‘In any case, it’s good to be aware of it. In civil engineering, damping has been applied in skyscrapers and bridges for decades already.’ Vermeulen finds it difficult to draw a comparison with his own field, but he still sees things going wrong these days. ‘There are sometimes resonances in airplane wings and bridge decks that could have been avoided if the relevant analyses would have been done, as for example for the London Millennium Bridge. Whatever field you come from, as an engineer it’s good to know how to apply it. But it starts with sound mechanical design. The moment you need it, it’s handy to have it readily available.’
Verbaan: ‘Not everyone needs to be able to implement it in full detail, or be able to fully calculate it. But a good understanding of how to create lightweight and stiff structures, after which you might apply damping to get to an optimal result, is something I think you need to have.’
Dr. Kees Verbaan at Eindhoven University of Technology.
Verbaan says about the fun of the training: ‘It’s great fun when you understand a subject yourself and then witness that someone is really getting the message. That generates a lot of enthusiasm in that person, but also for myself.’
Vermeulen says he recognizes this. ‘I very much like to get things really across. The training is also designed with that goal in mind. We discuss how to deal with damping mathematically, about mass, spring and damping matrices. But in addition, very early in the course, participants practice with an elementary case on how to reduce the vibration amplitude of a mass-spring system say by a factor of one hundred in ten cycles through dissipation of energy. Then it sinks in what it means to apply damping.’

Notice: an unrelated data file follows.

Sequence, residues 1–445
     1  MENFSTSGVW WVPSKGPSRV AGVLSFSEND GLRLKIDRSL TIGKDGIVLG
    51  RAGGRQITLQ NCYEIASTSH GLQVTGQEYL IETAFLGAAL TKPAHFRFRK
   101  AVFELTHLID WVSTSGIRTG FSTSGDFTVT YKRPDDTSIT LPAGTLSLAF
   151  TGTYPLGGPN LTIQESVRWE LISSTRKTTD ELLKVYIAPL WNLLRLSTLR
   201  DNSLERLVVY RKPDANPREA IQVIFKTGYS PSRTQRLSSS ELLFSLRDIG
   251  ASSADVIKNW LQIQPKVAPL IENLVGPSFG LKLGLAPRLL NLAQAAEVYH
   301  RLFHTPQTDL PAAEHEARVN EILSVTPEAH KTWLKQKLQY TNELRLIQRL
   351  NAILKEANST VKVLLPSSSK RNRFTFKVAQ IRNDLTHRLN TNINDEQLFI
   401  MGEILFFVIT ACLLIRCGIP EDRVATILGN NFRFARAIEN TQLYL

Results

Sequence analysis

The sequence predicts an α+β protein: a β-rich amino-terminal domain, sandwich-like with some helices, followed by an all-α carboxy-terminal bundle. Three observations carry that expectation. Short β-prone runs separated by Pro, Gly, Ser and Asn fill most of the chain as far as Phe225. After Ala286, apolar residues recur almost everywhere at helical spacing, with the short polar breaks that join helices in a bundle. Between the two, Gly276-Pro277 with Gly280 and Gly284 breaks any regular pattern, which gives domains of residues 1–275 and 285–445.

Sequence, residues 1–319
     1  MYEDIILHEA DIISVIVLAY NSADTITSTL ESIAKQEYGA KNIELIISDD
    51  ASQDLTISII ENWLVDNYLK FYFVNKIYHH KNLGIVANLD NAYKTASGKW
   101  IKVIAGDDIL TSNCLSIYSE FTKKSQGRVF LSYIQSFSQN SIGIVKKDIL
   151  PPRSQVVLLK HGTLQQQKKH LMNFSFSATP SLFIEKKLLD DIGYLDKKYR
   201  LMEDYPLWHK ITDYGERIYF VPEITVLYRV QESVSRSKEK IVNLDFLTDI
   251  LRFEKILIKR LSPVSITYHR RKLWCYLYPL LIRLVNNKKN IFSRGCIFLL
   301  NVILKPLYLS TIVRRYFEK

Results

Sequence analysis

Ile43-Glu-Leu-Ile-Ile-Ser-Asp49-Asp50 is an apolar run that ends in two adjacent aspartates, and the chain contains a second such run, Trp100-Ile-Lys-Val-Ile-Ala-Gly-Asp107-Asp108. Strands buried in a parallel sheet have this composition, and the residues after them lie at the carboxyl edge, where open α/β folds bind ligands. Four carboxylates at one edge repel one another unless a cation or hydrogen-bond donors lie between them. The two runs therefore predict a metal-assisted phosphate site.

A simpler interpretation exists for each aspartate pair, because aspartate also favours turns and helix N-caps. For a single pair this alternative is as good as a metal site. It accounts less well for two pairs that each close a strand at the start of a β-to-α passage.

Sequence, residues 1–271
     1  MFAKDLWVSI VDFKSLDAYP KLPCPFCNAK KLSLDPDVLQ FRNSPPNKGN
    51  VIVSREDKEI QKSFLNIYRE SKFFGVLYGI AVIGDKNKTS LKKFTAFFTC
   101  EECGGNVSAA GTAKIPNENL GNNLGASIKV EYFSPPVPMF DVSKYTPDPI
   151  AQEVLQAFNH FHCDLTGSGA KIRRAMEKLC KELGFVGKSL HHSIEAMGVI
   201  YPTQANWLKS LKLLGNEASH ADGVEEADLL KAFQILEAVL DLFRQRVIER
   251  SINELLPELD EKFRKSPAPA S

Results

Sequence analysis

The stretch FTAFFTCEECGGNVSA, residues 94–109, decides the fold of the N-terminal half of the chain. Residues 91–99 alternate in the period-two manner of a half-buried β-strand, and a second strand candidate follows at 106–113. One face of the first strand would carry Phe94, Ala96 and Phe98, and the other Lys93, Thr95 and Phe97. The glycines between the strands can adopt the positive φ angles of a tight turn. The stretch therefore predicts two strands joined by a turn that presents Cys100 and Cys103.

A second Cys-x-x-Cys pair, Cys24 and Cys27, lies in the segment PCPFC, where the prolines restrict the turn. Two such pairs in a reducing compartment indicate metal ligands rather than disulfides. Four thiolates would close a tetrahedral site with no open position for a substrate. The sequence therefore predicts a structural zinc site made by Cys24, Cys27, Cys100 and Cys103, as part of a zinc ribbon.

''We awaken the interest they need to tackle in other cases later on.''
Verbaan: ‘They start thinking: ‘What does that mean’?, and then rapidly see what a damper really does and what definitions mean that go with it. In this way, we awaken the interest they need to tackle in other cases later on.’
Besides the elementary basics, the two also cover design and modeling, and a practical exercise to implement it themselves. In addition, also how participants can apply it in their own practice. ‘That combination creates a very nice interaction,’ Verbaan says. ‘Some engineers are very much into modeling, others have more practical experience. We see a lot of interaction between participants there, and we get a lot of energy from that.’
What is the interaction like in the passive damping trainings with open enrollment?
‘There we see more mixed and diverse groups,’ Verbaan says. ‘There it is sometimes more challenging to get everyone to join in immediately on every single topic. For materials scientists, the experience is much different from someone who is used to work with complex dynamic models. In Wilton, all the topics resonated well with all the people.
This article is written by René Raaijmakers, tech editor of High-Tech Systems.
Recommendation by former participants
By the end of the training participants are asked to fill out an evaluation form. To the question: 'Would you recommend this training to others?' they responded with a 8.7 out of 10.